What is Patterson's rhetoric on drunk drivers -- when he isn't busy hiring a drunk driver for his staff? Let's look at some examples.

This is from a 2017 county press release, published last July at

SPRINGFIELD, Mo. – (7/31/17) Greene County Prosecuting Attorney Dan Patterson announces that Joshua Xavier Oswald, 23, of Springfield, MO was sentenced last Friday by The Honorable Thomas Mountjoy to a five year prison sentence on each of four counts of Assault in the Second Degree relating to a drunk driving crash that occurred on December 5, 2015. Probation was denied by the Court.Oswald’s charges stemmed from a motor vehicle crash that took place at the intersection of South Campbell and West Sunset in Springfield, Missouri.

So, if you drive drunk and crash into somebody, Patterson will throw you in prison for five years. If you don't crash, he might offer you a job. Here is a 2016 Springfield News-Leader article (by columnist Steve Pokin) where Patterson gripes that a drunk driver was placed on five years' probation for a crash that caused a fatality. Nicholas Jain, a member of Patterson's own staff, received two years' probation:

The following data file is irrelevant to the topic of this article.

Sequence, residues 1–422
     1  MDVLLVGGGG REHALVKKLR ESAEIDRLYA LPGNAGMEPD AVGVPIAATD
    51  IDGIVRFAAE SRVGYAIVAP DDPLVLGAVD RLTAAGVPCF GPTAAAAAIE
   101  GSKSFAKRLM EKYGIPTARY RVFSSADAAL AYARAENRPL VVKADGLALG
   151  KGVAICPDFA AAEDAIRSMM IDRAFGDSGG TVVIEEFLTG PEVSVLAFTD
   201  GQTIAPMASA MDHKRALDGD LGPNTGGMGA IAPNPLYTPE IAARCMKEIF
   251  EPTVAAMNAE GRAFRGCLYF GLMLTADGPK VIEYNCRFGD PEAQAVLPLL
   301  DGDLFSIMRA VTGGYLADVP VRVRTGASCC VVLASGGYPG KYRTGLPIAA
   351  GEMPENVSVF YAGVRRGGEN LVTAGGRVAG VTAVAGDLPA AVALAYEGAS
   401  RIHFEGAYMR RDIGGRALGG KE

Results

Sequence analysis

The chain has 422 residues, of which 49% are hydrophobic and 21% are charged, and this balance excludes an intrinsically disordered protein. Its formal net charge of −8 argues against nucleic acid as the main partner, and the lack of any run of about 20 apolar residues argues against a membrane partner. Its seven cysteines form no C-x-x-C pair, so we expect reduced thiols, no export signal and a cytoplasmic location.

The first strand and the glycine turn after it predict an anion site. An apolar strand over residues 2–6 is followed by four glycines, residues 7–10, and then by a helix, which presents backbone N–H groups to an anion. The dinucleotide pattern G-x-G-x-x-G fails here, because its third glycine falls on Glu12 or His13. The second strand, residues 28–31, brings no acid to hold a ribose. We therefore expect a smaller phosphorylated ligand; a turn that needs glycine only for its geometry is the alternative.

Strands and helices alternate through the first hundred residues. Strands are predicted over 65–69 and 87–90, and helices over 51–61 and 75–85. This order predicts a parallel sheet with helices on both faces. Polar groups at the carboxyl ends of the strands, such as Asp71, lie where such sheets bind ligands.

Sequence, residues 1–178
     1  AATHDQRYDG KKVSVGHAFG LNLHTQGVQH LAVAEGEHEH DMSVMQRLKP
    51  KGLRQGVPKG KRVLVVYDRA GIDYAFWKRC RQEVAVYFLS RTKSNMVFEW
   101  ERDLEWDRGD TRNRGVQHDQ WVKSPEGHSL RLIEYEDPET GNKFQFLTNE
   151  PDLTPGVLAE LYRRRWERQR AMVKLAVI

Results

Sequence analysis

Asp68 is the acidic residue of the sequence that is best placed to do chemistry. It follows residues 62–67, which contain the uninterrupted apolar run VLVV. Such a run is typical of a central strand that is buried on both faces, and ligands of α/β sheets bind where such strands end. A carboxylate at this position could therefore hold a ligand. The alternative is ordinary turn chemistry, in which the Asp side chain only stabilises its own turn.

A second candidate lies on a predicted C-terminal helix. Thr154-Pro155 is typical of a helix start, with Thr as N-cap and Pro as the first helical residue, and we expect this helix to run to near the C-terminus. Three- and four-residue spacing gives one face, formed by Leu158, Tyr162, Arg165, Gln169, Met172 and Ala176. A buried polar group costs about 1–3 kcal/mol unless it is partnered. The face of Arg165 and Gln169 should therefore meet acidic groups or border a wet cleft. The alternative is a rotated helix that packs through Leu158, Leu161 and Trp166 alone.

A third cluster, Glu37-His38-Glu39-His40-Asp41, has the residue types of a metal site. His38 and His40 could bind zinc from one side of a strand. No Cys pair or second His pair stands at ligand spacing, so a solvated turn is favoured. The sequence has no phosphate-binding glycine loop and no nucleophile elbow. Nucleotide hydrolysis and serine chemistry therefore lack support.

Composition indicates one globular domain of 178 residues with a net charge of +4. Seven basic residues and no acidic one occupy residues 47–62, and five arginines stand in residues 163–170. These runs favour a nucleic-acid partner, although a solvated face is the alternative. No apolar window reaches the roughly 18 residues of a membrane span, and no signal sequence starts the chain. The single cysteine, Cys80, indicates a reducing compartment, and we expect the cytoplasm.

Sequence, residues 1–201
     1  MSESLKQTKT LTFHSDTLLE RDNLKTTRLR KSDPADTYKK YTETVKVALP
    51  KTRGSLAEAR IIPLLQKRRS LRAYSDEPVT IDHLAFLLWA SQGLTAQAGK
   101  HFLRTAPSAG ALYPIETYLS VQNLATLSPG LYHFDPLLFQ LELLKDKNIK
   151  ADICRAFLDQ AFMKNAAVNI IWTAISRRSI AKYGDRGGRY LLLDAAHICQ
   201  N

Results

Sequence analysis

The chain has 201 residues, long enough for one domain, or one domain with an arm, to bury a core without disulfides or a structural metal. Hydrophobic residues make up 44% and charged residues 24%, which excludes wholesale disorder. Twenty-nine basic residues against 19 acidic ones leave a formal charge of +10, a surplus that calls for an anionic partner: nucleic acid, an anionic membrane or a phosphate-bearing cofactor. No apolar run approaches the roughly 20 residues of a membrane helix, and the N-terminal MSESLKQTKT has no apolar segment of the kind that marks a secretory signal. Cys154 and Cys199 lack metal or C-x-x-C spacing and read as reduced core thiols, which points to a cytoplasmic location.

On Feb. 19, [Circuit Judge David] Jones sentenced [Dylan] Meyer to five years' probation. He could have sent Meyer to prison for 5 to 15 years. The prosecutor has asked for 10. Meyer had been charged with involuntary manslaughter.

The sentence was a "slap on the wrist," says Dan Patterson, Greene County prosecuting attorney.

Meyer, a 2012 graduate of Kickapoo High School, took the life of Kelly Williams in the early morning of Feb. 10, 2015. He slammed his pickup into her car at Campbell Avenue and Battlefield Road. He was driving 95 mph, according to police, when he ran a stoplight.